By Ademola Adegbamigbe
In recent times, two individuals dominated public discourse pertaining to the war by other means against Boko Haram: Lt. General Tukur Buratai, Chief of Army Staff and Governor Babagana Zulum of Borno State. They advocated the involvement of Muslim clerics in the war against Boko Haram. While the Borno Governor believes that with prayer, God could deploy Angel Gabriel and the hosts of heaven to smoke the insurgents out of their holes, Buratai’s position tilts more towards the pre-emptive approach of ideology or indoctrination.
The two men will be ranked in history along with men like Sun Tzu, author of Art of War and Carl von Clausewitz, a Prussian general and military theorist who wrote the classic, On War. While Clausewitz argued that war “is the continuation of politics by other means,” Buratai and Zulum also advocated that religion is a continuation of war by other means!
Let us start with the latest. On 6 October Governor Babagana Zulum of Borno State engaged 30 clerics from Saudi Arabia to pray over the insurgency in the North East, especially, Borno the epicentre. Zulum, a professor of Soil and Water Engineering at the University of Maiduguri before he became governor, according to The Punch, interacted with the devotees on 5 October at the Ka’aba, the Islamic holiest place located inside the grand Al-Haram mosque in Makkah, expressing gratitude and seeking continued prayers.
He told the devotees: “Rather than sending anyone, I am here, on behalf of the good people of Borno. I thank you so much for your empathy and the compassion in devoting yourselves to prayer for us every day at the Ka’aba which, for us as Muslims, is the most sacred place. We need prayers more than ever before; we are handling our problem from different approaches. Prayer is key to everything that we seek. We will continue to seek prayers from many fronts. We will keep supporting our clerics of different faiths in Nigeria for prayers and we will seek the same from all of you that are always here around the holy Ka’aba. I beg you; continue to pray for us towards achieving three things: first, for us to regain peace in Borno State, the North and Nigeria in general. We will have to continue to pray on a permanent basis because we need peace to be sustained. Secondly; we need prayers for us to achieve our ambitious plan for Borno State; and lastly, for Allah to make us remain focused and not to get carried away by power.”
In a statement signed by his image-maker, Isa Gusau, Zulum signed the agreement with the selected persons “who are residents of Makkah, to permanently offer daily ‘Dawaf’ (circumambulation of the holy Ka’aba), to offer prayer for the return of sustained peace in Borno and the country.” He revealed that the men of God hailed variously from Borno, Katsina, Zamfara, Kano and parts of the northwest and they had been “spending hours at the Ka’aba daily for the purpose of worship.” One of them, as Gusau wrote in his press statement, had “been a Ka’aba devotee in the last 40 years.”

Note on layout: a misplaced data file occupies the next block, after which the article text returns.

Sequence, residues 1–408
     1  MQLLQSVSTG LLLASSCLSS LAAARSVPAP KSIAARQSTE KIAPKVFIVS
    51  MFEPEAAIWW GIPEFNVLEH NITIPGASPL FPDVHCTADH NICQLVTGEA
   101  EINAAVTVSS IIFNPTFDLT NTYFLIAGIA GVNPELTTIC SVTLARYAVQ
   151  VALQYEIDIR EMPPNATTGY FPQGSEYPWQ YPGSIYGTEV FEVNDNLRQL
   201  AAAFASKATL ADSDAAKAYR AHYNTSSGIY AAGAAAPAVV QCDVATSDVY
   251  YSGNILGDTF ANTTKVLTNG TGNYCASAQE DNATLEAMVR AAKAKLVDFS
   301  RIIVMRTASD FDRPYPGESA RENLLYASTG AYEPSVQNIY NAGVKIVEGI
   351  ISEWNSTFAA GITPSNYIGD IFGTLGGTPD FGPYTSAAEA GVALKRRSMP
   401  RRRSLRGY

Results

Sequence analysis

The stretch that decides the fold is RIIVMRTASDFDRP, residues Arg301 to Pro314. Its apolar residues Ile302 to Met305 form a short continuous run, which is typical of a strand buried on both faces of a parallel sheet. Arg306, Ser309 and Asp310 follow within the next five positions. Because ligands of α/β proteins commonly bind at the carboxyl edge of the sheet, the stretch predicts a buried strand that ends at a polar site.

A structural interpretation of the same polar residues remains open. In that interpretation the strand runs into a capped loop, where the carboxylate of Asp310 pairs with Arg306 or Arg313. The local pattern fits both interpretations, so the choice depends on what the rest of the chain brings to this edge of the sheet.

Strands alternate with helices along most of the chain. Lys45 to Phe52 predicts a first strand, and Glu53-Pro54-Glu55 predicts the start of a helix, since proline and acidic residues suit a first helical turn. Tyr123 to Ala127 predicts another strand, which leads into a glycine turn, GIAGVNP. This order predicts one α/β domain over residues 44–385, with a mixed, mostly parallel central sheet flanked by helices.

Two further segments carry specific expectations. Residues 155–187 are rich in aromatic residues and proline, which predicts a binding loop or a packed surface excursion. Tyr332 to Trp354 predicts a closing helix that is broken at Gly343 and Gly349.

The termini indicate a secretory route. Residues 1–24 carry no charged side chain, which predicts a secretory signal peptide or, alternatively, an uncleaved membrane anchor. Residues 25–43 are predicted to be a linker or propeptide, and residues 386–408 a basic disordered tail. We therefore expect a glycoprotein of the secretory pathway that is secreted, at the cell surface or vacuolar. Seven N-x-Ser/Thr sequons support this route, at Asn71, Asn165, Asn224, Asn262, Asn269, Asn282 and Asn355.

Guasau wrote further: “The critical move is aimed to combine different approaches that include sustained support for the Nigerian Armed Forces, aggressive mass recruitment and equipping of more counter-insurgency volunteers into the Civilian Joint Task Force, hunters and vigilantes as well as socio-economic approach to enhance access to education, job opportunities and provide other means of livelihood through social protection initiatives.”
Buratai, on the other hand, in a speech delivered on his behalf by Chief of Administration, Maj. Gen. Sani Yusuf on Monday, 30 October, submitted that insurgency cannot be stopped alone by the military “unless religious bodies and organisations in the country come to the forefront of the spiritual battle.” It was at a spiritual warfare seminar at the Nigerian Army Resource Centre, with the theme, ‘Countering insurgency and violent extremism in Nigeria through spiritual warfare.’ However, Buratai advised Islamic and Christian clerics to join the fight “against terrorism and reorient the people against negative ideologies.”
In his words: “It is easier to defeat Boko Haram and ISWAP terrorists than their ideology because while we degrade the terrorists and their havens, the narrative of the ideology grows the group. Therefore, communities, families and groups should join in the fight and narratives to reject and prevent the ideologies of the terrorists and extremist groups. Religious bodies and organisations in particular, which interface regularly with the grassroots, should be at the forefront of this spiritual battle and fashion out ways of stepping up their roles.